Young Pioneer Tours

Languages in Chernobyl

The Chernobyl exclusion zone is spread out across both Ukraine and Belarus, both countries are in such a strategic position that they have naturally hosted countless cultures over the centuries. As a result, modern Belarus and Ukraine is home to a variety of ethnic groups and their subsequent languages can often be heard being spoken by the people who work in the Chernobyl Exclusion zone. In this section, we’re going to look into the world of the languages spoken in the Chernobyl Exclusion Zone.

Ukrainian language in Chernobyl

In the Ukrainian sector of the Chernobyl Exclusion Zone, you can hear the Ukrainian language is spoken alongside Russian. A large number of people in Ukraine speak Ukrainian, which is written with a form of the Cyrillic alphabet. The language belongs to the Russian and Belarusian East Slavic branch of the Slavic language family. Ukrainian is closely related to Russian but also has similarities to the Polish language.

During the long era of the Soviet Union, a policy of Russian in-migration and Ukrainian out-migration was in effect throughout the Ukrainian Soviet Socialist Republic. The ethnic Ukrainian part of the population in Ukraine declined by 4 percent between 1959 and 1991. But that trend reversed after the country gained independence, and, by the start of the 21st century, ethnic Ukrainians made up more than three-fourths of the population.

During the rule of Tsarist Russia and the Soviet Union, Russian was the common language of government administration and public life in Ukraine. Although Ukrainian had been afforded equal status with Russian in the decade following the revolution of 1917, by the 1930s a concerted attempt at Russification was well underway. In 1989 Ukrainian once again became the country’s official language, and its status as the sole official language was confirmed in the 1996 Ukrainian constitution.

English language in Chernobyl

English proficiency among most Ukrainians is still very low but it is improving massively, especially compared to just a few years ago. In some places and situations, you can find some Ukrainians speaking impeccably fluent English. One of these places is Chernobyl where due to the increasing numbers of tourists from English speaking countries, there are various guides speaking fluent English.

The Belarussian sector of the Chernobyl exclusion zone, which is the arguably less explored part, has considerably fewer English speakers. Luckily, YPT guides are almost exclusively bi-lingual and can translate anything when needed.

However, if you struggle with the language barrier in the Chernobyl exclusion zone, don’t fear as the locals are used to foreign tourists. Revert to using only simple words that anyone can quickly grasp. Carry a small English – Russian dictionary or even better, utilize google translator and its offline function.

Russian language in Chernobyl

Because Russian was the de facto language of the Soviet Union until its dissolution on 26 December 1991, Russian is used in an official capacity or in public life in all the post-Soviet nation-states. Naturally, Chernobyl is the same and the Russian language can also be heard being widely spoken across the Chernobyl Exclusion Zone and it’s also a feature on the various street signs, buildings, and propaganda that can be seen.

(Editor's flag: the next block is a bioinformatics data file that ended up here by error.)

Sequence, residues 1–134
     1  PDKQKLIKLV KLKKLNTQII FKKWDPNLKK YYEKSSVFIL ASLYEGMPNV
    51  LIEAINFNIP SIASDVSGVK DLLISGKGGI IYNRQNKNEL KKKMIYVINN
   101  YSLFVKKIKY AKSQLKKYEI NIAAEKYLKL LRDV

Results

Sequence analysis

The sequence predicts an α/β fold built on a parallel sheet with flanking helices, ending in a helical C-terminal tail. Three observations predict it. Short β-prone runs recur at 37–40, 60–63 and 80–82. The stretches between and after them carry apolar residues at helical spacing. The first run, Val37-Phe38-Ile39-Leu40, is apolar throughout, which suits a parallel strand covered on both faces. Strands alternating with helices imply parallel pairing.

Russian is the largest native language in Europe and the most geographically widespread language in Eurasia. It is the most widely spoken of the Slavic languages, with 144 million speakers in Russia, Ukraine, and Belarus. Russian is the seventh-most spoken language in the world by a number of native speakers and the eighth-most spoken language in the world by the total number of speakers. The language is one of the six official languages of the United Nations. Russian is also the second-most widespread language on the Internet, after English.

Russian is an East Slavic language of the wider Indo-European family. It is a descendant of the language used in Kievan Rus’, a loose conglomerate of East Slavic tribes from the late 9th to the mid 13th centuries. From the point of view of spoken language, its closest relatives are Ukrainian, Belarusian, and Rusyn,[30] the other three languages in the East Slavic branch. In the 19th century, the language was often called “Great Russian” to distinguish it from Belarusian, then called “White Russian” and Ukrainian, then called “Little Russian”. Which brings us to our next language spoken in the Chernobyl exclusion zone.

Belarussian Language in Chernobyl

Whilst a much more vulnerable and lesser spoken language than Ukrainian or Russian, in the Belarussian sector of the Chernobyl exclusion zone, Belarussian language can also be heard being spoken alongside Russian.

Belarusian is an East Slavic language spoken by Belarusians. It is the official language of Belarus, along with Russian. Additionally, it is also spoken in parts of Russia, Lithuania, Latvia, Poland, and Ukraine by Belarusian minorities in those countries.

As one of the East Slavic languages, Belarusian shares many grammatical and lexical features with other members of the group. To some extent, Russian, Rusyn, Ukrainian, and Belarusian are all mutually intelligible.

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